During the period between the 1770's and the late 1800's, known as the Industrial Revolution, a vast expansion in the role of government in Britain ensued. Such an expansion can be contributed to a number of factors defining this era, in such fields as overseas influences and ideologies, the economy, social structure and the state of the working class. When such considerations are taken into account, the drastic increase in the role of government in Britain was inevitable.
The state of France during the 18th century affected the political atmosphere in Britain greatly. New principles that initially fuelled the political unrest in France, which lead to its Revolution, were highly regarded by many in Britain. Political manifestos, notably Rousseau's social contract of 1762, Votaire's writing against the power of the Church, the work of the Economists and Montesquieu's novel The Spirit of the Laws, in which different systems of government were discussed, resulted in the introduction of laissez-faire, liberalist, socialist and utilitarian forms of government.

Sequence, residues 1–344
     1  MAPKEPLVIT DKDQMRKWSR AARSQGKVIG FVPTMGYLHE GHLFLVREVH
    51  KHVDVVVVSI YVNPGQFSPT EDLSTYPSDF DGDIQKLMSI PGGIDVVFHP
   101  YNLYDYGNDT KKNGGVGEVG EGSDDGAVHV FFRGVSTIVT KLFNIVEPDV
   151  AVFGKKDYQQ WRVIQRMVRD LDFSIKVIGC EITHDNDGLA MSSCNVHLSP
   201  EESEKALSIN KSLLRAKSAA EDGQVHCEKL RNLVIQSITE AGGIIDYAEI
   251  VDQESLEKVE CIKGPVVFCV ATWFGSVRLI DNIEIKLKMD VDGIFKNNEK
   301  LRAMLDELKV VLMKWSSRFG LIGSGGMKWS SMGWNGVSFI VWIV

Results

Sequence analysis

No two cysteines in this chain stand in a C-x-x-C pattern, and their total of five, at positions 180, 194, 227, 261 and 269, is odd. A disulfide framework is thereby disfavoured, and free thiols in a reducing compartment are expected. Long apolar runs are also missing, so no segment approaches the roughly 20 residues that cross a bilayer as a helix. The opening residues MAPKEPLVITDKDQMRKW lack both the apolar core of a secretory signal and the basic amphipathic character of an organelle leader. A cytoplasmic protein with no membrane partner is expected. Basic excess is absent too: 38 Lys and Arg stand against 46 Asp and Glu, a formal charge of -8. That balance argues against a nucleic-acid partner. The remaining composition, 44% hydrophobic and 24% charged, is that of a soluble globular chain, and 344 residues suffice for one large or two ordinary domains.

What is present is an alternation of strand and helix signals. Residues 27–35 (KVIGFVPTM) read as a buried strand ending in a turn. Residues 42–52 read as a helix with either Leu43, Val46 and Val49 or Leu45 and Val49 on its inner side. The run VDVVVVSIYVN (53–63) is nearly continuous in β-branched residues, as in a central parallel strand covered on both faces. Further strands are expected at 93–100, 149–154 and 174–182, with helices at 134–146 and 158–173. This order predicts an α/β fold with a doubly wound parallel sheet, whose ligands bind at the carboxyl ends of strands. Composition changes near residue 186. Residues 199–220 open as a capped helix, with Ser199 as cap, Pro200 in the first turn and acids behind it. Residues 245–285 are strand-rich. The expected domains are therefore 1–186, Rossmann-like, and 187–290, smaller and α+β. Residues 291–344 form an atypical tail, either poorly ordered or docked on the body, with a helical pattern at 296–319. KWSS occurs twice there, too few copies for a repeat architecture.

Such ideologies were debated over and adopted by varying reformist individuals and factions in Britain, such as John Stuart Mill, Thomas Paine, William Lovett and the Chartists and Liberalists. However, due to the events of the "reign of terror", in which the French monarchy was overthrown by the increasingly radical middle class, the British upper classes feared a similar revolt. Thus, the upper classes were called upon to improve the situation of the lower classes through their legislative power. The introduction of these ideologies and the demonstration of the power of the middle and working classes in France paved the way for the greater role of government in Britain, with the need to satisfy an increasingly demanding and socially aware population.
The economy of Britain was an area in which the government was forced to...